Aichi Prefecture is dotted with many historic castles like Inuyama, Okazaki, and Nagoya – all of which hint at the prefecture’s feudal history. In fact, many famous warlords of Japanese history originated in this area, namely the three unifiers of Japan: Oda Nobunaga, Toyotomi Hideyoshi and Tokugawa Ieyasu.
Since the area was a stronghold of warlords, it’s no surprise that it was also rife with samurais and ninjas. The most famous of the ninjas is undoubtedly Hattori Hanzo of the Iga clan, who became famous for saving the life of Tokugawa Ieyasu in 1582, who then went on to become the ruler of united Japan. Thanks to his fearless tactics – and legendary skills – displayed during his operations, he was nicknamed Oni no Hanzō (Demon Hanzō).
According to legend, Lord Ieyasu was so impressed with Hanzo’s success and strategies that he created a clan of ninjas in Owari county – present-day Nagoya City. If you’re in the city, head to Nagoya Castle where you can learn about Hattori Hanzo and witness the ninjas’ trademark acrobatics and guerilla warfare during a ninja show that’s staged regularly on the castle grounds.
Every year in spring, a new team member is officially introduced to the public. The latest addition was a ku-no-ichi (female ninja) called Kocho, who is a former professional boxer. Currently there are six ninja members in the team – including Hattori Hanzo – who take turns performing in different groups throughout the week. In addition to watching the Hattori Hanzo and the Ninjas performance, which includes a trademark acrobatics show, visitors can also meet the performers, and experience a day as a ninja at the ninja school (for children only).
While the castle’s main keep is currently under construction (scheduled to reopen in 2022), the rest of the castle grounds is open to the public, including the recently rebuilt Honmaru Goten palace with its beautiful reception rooms and sliding doors.
When in Nagoya, one has to try its namesake “Nagoya-meshi”, a local cuisine that is fondly nicknamed ‘Samurai cuisine’, characterised by rich and strong flavours that come from a favourite Aichi ingredient: red miso.
It is said that the secret weapon of the Aichi samurai was miso – it was a long lasting, highly nutritious, and easy to transport. It was eaten as flattened patties of roasted miso, or grilled as rice balls.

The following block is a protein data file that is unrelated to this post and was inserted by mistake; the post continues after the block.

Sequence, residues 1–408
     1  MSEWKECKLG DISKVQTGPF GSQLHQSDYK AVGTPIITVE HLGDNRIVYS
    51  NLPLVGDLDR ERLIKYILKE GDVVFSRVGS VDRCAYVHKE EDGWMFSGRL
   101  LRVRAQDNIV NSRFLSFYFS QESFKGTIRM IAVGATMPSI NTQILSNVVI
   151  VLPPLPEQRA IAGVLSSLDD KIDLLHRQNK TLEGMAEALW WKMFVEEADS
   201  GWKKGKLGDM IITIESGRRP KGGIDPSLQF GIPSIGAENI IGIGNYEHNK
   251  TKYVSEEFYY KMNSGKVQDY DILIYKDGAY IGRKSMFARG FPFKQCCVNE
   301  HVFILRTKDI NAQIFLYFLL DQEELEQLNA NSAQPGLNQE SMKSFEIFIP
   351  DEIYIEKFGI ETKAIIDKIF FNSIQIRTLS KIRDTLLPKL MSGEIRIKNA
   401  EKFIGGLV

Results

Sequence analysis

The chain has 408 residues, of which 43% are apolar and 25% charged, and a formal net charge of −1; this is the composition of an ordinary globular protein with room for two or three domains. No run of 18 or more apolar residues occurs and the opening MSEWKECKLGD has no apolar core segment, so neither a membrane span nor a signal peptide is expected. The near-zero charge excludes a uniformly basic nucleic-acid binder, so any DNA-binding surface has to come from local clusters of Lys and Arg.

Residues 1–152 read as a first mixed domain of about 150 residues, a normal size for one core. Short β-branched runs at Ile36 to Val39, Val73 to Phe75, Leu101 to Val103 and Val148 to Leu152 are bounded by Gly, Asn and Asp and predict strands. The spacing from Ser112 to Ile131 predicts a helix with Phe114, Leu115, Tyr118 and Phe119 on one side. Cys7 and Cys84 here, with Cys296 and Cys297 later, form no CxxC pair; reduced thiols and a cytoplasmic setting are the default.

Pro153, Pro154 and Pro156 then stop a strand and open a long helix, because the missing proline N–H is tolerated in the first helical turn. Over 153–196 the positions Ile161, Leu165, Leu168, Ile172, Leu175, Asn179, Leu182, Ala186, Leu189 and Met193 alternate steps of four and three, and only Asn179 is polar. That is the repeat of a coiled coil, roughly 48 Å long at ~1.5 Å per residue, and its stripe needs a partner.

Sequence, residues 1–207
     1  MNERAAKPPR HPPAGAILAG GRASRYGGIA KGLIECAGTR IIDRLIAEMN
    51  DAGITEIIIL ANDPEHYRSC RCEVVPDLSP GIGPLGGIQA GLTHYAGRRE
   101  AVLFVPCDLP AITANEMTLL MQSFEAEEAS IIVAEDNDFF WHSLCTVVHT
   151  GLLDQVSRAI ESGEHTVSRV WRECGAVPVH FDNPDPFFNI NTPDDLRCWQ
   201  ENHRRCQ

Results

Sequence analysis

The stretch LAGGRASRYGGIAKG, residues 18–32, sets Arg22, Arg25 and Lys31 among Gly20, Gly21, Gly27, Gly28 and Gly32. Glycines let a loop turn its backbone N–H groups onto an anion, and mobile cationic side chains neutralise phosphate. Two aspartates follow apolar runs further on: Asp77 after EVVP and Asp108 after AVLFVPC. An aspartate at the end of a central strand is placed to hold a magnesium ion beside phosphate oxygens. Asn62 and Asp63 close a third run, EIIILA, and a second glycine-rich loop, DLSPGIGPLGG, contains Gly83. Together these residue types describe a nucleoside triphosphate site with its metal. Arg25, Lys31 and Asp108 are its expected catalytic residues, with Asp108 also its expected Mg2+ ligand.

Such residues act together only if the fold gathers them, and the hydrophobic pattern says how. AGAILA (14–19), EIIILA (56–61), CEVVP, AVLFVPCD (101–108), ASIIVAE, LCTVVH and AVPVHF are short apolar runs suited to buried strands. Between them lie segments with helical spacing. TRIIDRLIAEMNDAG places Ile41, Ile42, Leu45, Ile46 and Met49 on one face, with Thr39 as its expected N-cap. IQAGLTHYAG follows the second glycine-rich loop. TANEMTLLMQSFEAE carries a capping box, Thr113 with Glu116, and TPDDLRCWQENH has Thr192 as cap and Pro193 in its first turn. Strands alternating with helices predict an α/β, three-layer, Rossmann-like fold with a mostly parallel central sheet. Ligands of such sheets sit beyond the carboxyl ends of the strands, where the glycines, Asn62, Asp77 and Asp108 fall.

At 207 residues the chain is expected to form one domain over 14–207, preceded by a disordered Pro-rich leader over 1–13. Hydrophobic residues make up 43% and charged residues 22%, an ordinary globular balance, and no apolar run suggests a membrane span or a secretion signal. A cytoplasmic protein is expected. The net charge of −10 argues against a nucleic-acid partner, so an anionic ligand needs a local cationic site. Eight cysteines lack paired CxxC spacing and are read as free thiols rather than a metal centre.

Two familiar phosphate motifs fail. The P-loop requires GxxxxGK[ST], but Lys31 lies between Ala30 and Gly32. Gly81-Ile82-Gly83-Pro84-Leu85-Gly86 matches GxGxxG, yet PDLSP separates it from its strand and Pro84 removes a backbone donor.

Today, Nagoya-meshi encompasses a number of miso-based dishes, ranging from traditional misonikomi (thick udon noodles cooked in rich miso-based soup served in earthenware pot) and miso oden (stewed tofu and vegetables in dark miso broth) to more modern fare like miso katsu (breaded pork cutlet served with thick miso sauce). The more adventurous can try dote-ni, which is pork or beef entrails boiled in miso.
Nagoya-meshi also includes unique dishes that don’t use miso; a perennial Nagoya favourite is the hitsumabushi, a rice dish topped with grilled eel, as well as oni manju (“devil cakes”), which is a sticky, sweet snack made of glutinous rice and sweet potato. Both have been around since the Edo period. For a modern fare, Nagoya is the birthplace of ‘Taiwan Noodles’ which despite the name, does not exist in Taiwan; it’s a soupy noodle topped with spicy minced pork. Another must-try is curry udon – thick udon noodles served in thick, spicy sauce.
Thanks to the region’s love of tea ceremonies and its high concentration of confectioners, traditional sweets like uiro (a local cake-like confectionary) and ogura toast (made with sweet ogura bean paste) are also local favourites.
Nagoya Castle is a short walk from Shiyakusho Station, accessible via the Meijo Subway Line and Sakuradori Subway Line from Nagoya Station. The total one-way journey takes about 10 minutes.
Alternatively, the Meguru tourist loop bus (210 yen) takes you from Nagoya Station to the castle’s main gate in about 25 minutes.
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